Outpatient therapy providers had to digest significant news this month when the Centers for Medicare & Medicaid Services (CMS) released its Proposed Medicare Physician Fee Schedule for Calendar Year 2019. The policy, payment and quality provisions in the proposed rule include a number of changes that reflect CMS’ efforts to move toward value-based care.
We’ve summarized the key takeaways and what therapy providers should be thinking about as they prepare for these possible changes.
1 – Therapists enter the age of value-based payments with MIPS
Established under the Medicare Access and CHIP Reauthorization Act of 2015 (MACRA) as part of the Quality Payment Program, the Medicare Merit-Based Incentive Payment System (MIPS) rewards clinicians based on the value of services they provide. Under MIPS, eligible physicians and other clinicians earn a positive, neutral or negative payment adjustment on their Medicare Part B reimbursements based on how they perform in four categories: quality, promoting interoperability (formerly called Advancing Care Information), improvement activities and cost.
Previously excluded from MIPS, the proposed rule has added physical therapists (PT) and occupational therapists (OT) to the list of eligible clinicians starting in 2019. Speech therapists (SLP) were not included due to the proposed elimination of several applicable quality measures. (CMS recommends a minimum of six quality measures per discipline to ensure adequate tracking.) This could potentially change, however, depending on what is finalized in the rule.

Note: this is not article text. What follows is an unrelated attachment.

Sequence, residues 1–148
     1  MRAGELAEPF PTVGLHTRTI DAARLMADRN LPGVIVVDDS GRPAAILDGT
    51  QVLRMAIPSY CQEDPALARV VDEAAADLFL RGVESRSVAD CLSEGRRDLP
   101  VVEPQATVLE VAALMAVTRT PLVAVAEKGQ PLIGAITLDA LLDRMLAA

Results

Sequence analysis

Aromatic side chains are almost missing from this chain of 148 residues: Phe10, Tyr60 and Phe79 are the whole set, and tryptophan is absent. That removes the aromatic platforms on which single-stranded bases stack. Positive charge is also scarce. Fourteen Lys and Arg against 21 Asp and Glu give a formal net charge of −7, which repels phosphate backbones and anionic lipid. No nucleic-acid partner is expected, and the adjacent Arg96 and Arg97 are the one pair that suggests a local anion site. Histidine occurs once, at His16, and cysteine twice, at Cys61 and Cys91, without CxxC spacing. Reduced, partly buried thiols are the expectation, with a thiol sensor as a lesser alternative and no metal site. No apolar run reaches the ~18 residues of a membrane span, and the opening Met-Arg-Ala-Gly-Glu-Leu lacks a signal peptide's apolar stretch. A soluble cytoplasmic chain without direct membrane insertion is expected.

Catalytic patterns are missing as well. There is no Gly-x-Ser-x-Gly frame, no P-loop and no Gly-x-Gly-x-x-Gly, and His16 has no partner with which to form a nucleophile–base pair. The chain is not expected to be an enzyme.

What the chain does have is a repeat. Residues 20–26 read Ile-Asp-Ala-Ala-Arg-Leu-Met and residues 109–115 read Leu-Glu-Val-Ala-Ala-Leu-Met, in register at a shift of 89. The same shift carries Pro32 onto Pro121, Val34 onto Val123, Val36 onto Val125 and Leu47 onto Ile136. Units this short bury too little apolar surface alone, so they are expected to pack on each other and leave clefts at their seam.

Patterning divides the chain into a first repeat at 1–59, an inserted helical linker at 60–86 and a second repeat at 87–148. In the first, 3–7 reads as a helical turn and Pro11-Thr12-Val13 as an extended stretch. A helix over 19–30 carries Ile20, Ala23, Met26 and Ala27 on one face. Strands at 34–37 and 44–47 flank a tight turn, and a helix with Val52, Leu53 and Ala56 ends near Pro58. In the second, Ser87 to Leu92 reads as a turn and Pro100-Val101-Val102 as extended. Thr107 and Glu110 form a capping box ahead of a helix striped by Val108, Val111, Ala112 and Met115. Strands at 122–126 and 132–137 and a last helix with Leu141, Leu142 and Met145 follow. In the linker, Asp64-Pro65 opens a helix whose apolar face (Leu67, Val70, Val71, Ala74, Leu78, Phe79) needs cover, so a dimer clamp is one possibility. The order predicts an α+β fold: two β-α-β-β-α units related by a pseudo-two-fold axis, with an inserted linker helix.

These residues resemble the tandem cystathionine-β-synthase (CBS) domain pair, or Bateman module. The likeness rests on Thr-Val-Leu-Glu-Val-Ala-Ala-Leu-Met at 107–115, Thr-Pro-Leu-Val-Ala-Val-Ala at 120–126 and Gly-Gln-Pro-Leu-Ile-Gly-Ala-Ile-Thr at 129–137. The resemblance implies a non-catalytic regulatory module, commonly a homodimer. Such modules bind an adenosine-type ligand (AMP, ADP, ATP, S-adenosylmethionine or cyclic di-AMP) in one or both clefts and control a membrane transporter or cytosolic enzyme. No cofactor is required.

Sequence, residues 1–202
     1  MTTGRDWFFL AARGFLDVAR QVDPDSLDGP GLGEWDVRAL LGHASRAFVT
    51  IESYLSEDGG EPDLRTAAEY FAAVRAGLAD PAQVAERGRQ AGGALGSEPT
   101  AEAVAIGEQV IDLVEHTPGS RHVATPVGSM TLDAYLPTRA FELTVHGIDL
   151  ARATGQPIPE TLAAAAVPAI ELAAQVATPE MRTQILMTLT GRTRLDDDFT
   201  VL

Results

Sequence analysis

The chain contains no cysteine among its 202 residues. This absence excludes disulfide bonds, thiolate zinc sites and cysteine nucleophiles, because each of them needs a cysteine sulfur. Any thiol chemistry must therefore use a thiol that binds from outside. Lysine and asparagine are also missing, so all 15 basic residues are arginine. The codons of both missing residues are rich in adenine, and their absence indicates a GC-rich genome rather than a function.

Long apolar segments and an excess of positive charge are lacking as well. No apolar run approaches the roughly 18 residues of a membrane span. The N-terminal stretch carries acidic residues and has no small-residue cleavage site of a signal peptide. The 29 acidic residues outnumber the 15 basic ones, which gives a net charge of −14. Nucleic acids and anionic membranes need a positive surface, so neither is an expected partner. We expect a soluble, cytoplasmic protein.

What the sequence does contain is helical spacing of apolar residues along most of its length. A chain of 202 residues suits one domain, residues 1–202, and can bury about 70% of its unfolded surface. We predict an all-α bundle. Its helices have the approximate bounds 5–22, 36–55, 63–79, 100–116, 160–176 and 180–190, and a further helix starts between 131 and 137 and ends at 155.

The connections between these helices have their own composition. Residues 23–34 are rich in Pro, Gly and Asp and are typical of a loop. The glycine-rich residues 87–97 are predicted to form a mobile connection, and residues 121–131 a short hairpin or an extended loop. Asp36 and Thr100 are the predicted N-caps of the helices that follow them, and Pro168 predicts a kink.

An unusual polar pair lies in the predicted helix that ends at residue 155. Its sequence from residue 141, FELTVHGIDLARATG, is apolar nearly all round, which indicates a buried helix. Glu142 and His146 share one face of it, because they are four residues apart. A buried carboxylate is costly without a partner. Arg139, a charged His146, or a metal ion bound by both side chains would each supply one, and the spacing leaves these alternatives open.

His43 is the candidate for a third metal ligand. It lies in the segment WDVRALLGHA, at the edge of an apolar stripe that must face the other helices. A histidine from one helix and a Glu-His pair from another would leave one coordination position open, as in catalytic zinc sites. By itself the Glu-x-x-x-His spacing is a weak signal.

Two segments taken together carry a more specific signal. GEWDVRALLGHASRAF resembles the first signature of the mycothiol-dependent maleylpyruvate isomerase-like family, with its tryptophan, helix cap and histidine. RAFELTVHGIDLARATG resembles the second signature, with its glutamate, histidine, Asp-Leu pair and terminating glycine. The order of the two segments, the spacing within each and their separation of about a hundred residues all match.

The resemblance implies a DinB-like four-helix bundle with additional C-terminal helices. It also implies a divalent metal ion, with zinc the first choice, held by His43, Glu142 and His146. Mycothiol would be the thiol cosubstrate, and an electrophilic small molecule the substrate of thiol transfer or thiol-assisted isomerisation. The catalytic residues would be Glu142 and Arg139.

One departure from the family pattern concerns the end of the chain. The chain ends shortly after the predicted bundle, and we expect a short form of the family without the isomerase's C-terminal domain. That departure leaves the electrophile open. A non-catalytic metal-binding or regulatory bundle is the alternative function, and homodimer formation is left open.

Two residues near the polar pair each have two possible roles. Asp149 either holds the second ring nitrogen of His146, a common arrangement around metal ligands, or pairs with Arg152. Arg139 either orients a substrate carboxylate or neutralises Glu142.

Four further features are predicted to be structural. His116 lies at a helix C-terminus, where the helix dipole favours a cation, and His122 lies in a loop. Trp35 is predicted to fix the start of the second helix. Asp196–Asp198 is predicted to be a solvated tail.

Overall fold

Who’s eligible? CMS clarifies this in the proposed rule. If clinicians do not meet at least one of the following criteria, they are not required to participate in MIPS. For year three of MIPS, the 2021 payment year (the first year impacting eligible PTs and OTs) proposed threshold is set at:
- Those who have allowed charges for covered professional services that are $90,000 or greater, or
- Those who provide covered professional services to a minimum of 200 Part B beneficiaries, or
- Those who provide a minimum of 200 covered professional services to Part B beneficiaries
The third criterion of a minimum of 200 covered professional services is a new threshold that CMS added to the proposed rule to ensure that more therapists will be able to participate and benefit from MIPS-based incentives.
That said, it’s important to remember that MIPS is not just about incentives, it’s about ensuring the focus remains squarely on patient care. If providers can’t demonstrate performance improvements, they will be subject to a loss of reimbursement. It will be absolutely critical to not only determine your eligibility, but also what you need to do to ensure you’re able to track and measure performance ahead of reporting deadlines for the performance period.
2 -New therapy modifiers will push providers to carefully evaluate their therapy mix